When was the book of the Revelation written?


by Shawn Brasseaux

“You mention the canon of scripture complete @ 68ad. Many say Revelation was written in 96ad. Do you hold that Revelation was written before 68ad?” Thank you for submitting this question, and driving us to search the Bible for any clues regarding the penning of the book of the Revelation.

For a long time, I held the common view that John wrote his Gospel record, his three little epistles, and the Revelation between A.D. 90 and 100. Why did I believe that? Only because I had heard it all my life in church. Friend, I did not have a verse to support the view, so I gave up the view and kept the verses! It is a traditional idea, something that has been repeated so long and so often that no one really remembers that it lacks any Scriptural support. I will share the verses that changed my view, in just a few moments.

From what I have researched, there is no solid Biblical evidence to support the view that John wrote in A.D. 90-100. To have John writing 20 or 30 years after the deaths of Peter and Paul and some 60 or 70 years after Calvary is strange to me. Why would God have such a huge gap in New Testament chronology?

Actually, to have Revelation dated so late is, I think, partially due to a misreading of John 21:22-24. It is said that Jesus claimed John would live to be an old man, and as an old man he would see Jesus return to Earth (or at least John would see a glimpse of Jesus’ Second Coming, a supposed reference to John’s visions recorded in the book of the Revelation). If you study that passage closely in John, however, it reads so that we know there was a similar misunderstanding amongst the disciples. The Holy Spirit made sure we see that John living until Christ would come back was attached to a big “IF” (conditional, hypothetical, not 100% truth). Jesus never actually said John would live to see His Second Coming.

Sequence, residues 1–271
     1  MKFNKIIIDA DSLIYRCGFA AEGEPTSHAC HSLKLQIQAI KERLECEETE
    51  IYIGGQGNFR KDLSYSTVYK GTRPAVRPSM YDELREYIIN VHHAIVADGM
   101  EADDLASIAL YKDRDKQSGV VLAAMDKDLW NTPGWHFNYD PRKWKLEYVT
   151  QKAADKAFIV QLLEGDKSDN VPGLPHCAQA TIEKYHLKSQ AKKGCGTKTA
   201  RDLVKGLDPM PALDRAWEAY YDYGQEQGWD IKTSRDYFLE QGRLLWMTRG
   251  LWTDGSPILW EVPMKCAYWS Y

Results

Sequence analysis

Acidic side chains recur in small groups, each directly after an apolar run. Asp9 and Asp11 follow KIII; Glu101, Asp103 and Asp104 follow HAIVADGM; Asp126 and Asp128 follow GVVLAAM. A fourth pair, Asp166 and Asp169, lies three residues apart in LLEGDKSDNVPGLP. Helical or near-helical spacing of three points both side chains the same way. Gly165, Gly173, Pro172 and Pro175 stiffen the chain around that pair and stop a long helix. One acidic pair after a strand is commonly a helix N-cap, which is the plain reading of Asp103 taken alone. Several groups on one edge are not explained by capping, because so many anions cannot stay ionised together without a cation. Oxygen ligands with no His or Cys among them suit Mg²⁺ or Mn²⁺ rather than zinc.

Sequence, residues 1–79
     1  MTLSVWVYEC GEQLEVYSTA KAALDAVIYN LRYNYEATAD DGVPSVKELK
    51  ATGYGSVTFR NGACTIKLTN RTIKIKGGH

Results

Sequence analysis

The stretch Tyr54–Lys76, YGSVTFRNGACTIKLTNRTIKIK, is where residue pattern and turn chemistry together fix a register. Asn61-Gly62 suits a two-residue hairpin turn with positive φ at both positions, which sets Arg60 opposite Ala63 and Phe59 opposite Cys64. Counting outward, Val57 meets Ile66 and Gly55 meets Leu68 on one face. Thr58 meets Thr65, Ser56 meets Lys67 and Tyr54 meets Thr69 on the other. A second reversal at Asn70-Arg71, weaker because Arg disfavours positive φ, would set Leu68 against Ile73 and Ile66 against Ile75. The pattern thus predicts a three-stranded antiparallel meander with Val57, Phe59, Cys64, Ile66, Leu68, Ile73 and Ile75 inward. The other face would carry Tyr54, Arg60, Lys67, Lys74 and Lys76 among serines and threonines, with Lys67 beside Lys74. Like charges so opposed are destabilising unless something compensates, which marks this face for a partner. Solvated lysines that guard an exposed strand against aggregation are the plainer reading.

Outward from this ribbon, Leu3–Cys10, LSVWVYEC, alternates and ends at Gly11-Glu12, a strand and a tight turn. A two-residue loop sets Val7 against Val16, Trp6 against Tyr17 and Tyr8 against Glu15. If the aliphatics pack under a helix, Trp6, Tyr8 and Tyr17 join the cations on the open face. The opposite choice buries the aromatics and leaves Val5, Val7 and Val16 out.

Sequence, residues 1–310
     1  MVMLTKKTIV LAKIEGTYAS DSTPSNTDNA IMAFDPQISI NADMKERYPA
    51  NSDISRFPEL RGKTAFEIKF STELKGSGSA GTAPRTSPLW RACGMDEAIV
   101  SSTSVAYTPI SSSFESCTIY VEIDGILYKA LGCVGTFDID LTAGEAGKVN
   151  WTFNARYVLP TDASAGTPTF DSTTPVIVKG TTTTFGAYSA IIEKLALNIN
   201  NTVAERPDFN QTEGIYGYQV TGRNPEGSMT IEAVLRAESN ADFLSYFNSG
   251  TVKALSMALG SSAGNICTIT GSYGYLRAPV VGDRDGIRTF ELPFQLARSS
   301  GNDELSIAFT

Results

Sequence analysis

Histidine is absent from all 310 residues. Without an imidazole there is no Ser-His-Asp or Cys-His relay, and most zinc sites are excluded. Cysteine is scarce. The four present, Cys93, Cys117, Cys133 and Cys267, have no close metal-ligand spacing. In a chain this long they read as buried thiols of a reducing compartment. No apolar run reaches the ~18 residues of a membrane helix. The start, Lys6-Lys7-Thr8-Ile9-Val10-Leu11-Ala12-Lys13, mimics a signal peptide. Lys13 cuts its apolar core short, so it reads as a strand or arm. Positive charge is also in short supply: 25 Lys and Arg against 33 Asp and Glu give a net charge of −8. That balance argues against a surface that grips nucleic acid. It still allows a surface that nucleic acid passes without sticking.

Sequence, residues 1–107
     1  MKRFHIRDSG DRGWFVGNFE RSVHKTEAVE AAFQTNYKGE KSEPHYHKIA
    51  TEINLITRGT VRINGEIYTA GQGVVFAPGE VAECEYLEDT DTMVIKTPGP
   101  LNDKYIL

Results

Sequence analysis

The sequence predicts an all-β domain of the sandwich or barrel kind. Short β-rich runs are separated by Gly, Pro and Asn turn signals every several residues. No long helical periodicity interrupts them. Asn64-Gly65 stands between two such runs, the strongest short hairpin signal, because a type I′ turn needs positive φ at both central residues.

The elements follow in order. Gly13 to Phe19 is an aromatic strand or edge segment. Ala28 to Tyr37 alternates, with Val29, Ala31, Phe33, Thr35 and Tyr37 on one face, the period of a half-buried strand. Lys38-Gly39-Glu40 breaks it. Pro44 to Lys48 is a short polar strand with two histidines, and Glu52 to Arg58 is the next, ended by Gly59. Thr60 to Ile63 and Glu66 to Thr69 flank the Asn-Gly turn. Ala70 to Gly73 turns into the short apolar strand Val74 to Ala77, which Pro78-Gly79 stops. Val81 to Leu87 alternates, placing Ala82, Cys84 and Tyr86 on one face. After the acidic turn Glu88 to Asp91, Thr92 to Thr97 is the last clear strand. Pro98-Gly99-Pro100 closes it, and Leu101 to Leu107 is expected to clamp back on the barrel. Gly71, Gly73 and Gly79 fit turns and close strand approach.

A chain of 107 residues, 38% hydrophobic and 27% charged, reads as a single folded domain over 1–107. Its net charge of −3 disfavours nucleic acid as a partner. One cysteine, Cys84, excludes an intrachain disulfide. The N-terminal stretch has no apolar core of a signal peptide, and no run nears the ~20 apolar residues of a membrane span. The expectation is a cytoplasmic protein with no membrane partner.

Then, there are the “preterists,” people who say that most or all of Bible prophecy was fulfilled in A.D. 70 when Rome overran Jerusalem and burned the Temple. They say Jesus came back at His Second Coming in A.D. 70 and established the earthly kingdom (is that ridiculous or what?!). Perhaps church tradition dated John’s writings (particularly the Revelation) to be A.D. 90-100 in order to disprove the preterists’ view. If John wrote about Christ’s coming as future from A.D. 90-100, it is said to combat preterists, then Christ did not come back in A.D. 70 (John’s writing would be pointless). While assigning John’s writings to A.D. 90-100 does indeed prove the preterists wrong, I believe it causes us to disagree with verses that indicate Paul wrote the last Bible book. The preterists are wrong for many reasons (beyond the scope of this study), but we do not need to disregard verses just to date John’s writings so late.